“There was no room for them…” – the phrase from Luke’s Nativity is branded in my brain because I have become one who made that a reality for another couple at my place, in my time. And whatever justification I may find, however I might want to present myself in a good light, there is something lacking in the logic of what has taken place.
Sunday night when I left out the bin, I was somewhat perplexed to see that another tent had been set up next to Samuel’s. Perplexed because this could mean a trend was starting and I wasn’t sure that such a thing could be allowed. In the context of the virus, I didn’t want any kind of gathering that could endanger the health of people coming to Mass. Already another man who was previously homeless, now in a flat, told me he wanted to move out and to set up a tent by the church. To him I said a very definite no. Moving from a flat into a tent in the winter doesn’t make sense.
The second tent unsettled me for part of the night and in the end, I entrusted it to Our Lady to show me the way, the right way to deal with it.
At 8am I was heading out the door for a hospital appointment when I could hear Samuel praying out loud in his tent, a sound that always touches my heart, the tone and sincerity of it. I decided to speak,
“Good morning Samuel” I said, “who is in the other tent?”
“Good morning Eamonn. It’s my friend!” he said.
“We can’t have another person staying here”
“I understand” he said, sticking his head out and looking up at me in the way that he does, “we’ll move this morning! We’ll be gone by 11.”
“You don’t have to go so fast!” said I with no small amount of guilt in me. “I’m going to the hospital and will be back by 10.”
And when I returned, there they were standing in the pouring rain, tents folded, all their belongings piled into the shopping trolley and the sight cut me to the heart. I might as well be sending the Holy Family on their way. And he didn’t know where they would go, he and his girlfriend whom he loves so much and wants to marry. But he also understood my need to care for the parishioners. “And you need to take care of your own health!” he said, with typical grace.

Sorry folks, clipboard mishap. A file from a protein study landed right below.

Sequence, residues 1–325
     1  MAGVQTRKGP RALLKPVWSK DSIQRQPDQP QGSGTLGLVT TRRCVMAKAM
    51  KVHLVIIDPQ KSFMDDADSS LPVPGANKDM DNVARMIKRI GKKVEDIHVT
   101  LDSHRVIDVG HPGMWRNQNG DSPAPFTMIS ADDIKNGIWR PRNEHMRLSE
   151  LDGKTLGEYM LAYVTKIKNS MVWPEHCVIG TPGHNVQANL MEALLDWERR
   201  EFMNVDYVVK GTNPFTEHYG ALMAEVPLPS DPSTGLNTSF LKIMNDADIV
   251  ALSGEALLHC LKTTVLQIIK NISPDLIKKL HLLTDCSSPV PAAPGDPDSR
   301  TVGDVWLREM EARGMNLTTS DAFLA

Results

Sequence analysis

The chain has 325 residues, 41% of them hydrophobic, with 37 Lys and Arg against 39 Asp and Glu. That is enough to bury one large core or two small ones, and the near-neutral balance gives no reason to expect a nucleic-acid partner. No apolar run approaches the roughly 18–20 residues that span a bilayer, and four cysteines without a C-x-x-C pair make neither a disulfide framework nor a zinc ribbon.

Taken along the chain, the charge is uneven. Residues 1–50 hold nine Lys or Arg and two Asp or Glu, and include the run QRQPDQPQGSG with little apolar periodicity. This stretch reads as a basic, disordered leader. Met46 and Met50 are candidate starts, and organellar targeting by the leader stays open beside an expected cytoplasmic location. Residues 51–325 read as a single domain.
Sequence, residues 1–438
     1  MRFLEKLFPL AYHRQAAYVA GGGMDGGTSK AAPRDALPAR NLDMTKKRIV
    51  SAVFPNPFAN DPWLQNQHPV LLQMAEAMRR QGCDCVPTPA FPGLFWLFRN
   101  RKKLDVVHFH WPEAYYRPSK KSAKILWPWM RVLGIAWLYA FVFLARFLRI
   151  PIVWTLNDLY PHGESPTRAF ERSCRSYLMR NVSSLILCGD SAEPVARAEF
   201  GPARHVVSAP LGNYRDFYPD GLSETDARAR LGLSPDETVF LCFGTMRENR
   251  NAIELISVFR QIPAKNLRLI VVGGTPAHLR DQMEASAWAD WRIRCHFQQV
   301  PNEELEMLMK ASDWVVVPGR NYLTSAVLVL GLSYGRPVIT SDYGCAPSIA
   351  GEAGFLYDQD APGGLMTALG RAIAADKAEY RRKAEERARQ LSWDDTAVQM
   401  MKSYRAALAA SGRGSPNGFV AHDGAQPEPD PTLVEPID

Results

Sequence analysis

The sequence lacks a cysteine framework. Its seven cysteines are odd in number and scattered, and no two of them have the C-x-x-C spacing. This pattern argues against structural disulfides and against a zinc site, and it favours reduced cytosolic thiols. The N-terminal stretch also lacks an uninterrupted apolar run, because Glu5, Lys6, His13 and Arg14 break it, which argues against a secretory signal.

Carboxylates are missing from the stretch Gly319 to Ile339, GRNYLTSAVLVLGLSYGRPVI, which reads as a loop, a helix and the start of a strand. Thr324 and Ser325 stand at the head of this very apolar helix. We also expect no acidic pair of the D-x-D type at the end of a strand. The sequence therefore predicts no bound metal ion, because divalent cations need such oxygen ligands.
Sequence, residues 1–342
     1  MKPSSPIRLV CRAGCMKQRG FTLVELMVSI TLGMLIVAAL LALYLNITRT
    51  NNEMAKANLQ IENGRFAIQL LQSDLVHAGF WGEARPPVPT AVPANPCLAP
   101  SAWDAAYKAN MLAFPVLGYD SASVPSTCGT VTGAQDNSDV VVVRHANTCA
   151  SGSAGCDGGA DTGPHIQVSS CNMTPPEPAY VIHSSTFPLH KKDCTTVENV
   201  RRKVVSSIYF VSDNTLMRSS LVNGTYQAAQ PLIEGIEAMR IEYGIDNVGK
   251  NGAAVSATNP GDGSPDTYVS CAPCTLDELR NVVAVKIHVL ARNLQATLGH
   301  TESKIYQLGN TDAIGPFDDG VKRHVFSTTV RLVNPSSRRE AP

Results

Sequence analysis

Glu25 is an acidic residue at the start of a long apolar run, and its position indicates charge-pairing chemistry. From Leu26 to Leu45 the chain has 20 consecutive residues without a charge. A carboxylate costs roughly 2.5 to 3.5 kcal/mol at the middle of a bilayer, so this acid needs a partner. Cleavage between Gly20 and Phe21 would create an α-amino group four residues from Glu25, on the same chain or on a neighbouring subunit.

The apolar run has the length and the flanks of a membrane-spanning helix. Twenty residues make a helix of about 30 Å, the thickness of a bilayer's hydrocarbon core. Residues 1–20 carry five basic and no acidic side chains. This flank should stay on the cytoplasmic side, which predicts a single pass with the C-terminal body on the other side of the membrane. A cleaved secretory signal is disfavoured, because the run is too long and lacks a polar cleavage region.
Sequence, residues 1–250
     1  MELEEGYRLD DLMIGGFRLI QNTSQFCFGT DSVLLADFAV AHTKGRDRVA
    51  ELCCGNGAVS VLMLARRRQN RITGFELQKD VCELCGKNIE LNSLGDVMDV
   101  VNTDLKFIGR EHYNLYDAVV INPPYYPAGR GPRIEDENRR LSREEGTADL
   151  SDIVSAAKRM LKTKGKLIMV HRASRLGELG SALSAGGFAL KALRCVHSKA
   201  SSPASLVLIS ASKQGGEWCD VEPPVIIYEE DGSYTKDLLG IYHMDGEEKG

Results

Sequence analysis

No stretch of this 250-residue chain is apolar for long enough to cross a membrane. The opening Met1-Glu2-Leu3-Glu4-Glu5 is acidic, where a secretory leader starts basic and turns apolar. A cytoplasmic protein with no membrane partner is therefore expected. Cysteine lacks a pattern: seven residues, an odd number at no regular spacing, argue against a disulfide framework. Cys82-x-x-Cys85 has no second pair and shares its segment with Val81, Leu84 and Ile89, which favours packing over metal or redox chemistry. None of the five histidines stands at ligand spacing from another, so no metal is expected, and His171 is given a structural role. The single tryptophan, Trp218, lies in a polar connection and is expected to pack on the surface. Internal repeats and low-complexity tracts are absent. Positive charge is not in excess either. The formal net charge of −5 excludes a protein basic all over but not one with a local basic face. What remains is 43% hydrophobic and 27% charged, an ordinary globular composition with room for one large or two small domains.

I told them to shelter in the far side entrance while I tried to work it out in my head. Prayed for guidance. Wondered about renting a room for them for a week or so. Wondered if Brendan knew of any place. And then, out of the blue Brendan himself rang to book a place at Christmas Mass. While he didn’t know of any accommodation, he said Jane would be able to advise me. He would call her. She called me back immediately with advice that was very, very helpful. The culmination of it was that they would have a flat from the council within a few days. I'm not altogether sure that this is what Samuel wants but maybe his girlfriend does, maybe she needs it.
Samuel gave me some sleeping bags and a blanket to wash and dry, left his guitar for safe keeping. Among his belongings was a picture of Our Lady of Medjugorje which he proudly showed me, saying how much he loves it. “We have great devotion to her here” I said. “I know” he replied, “I can feel her presence with me!”
And away they went into the unknown of that wet December evening while I with a sore heart turned in home again. His going in particular has carved out an empty space within me and I can only trust that what has taken place was necessary in God’s scheme of things. It’s God that Samuel turns to in everything and to the heart. He pointed to his heart before leaving and said, “this is what matters. We are in each other’s heart!”
It may have sounded hypocritical, given what I was doing, but I said to him, “I have a great love for you!” “And I do for you!” he replied.